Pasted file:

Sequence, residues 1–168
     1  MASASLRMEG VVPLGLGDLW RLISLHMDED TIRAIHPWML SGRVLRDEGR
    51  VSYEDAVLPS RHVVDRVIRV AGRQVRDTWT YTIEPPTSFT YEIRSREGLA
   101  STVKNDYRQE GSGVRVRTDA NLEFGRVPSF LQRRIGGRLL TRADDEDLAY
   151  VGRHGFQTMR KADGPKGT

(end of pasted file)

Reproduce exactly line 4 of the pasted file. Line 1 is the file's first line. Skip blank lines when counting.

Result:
   101  STVKNDYRQE GSGVRVRTDA NLEFGRVPSF LQRRIGGRLL TRADDEDLAY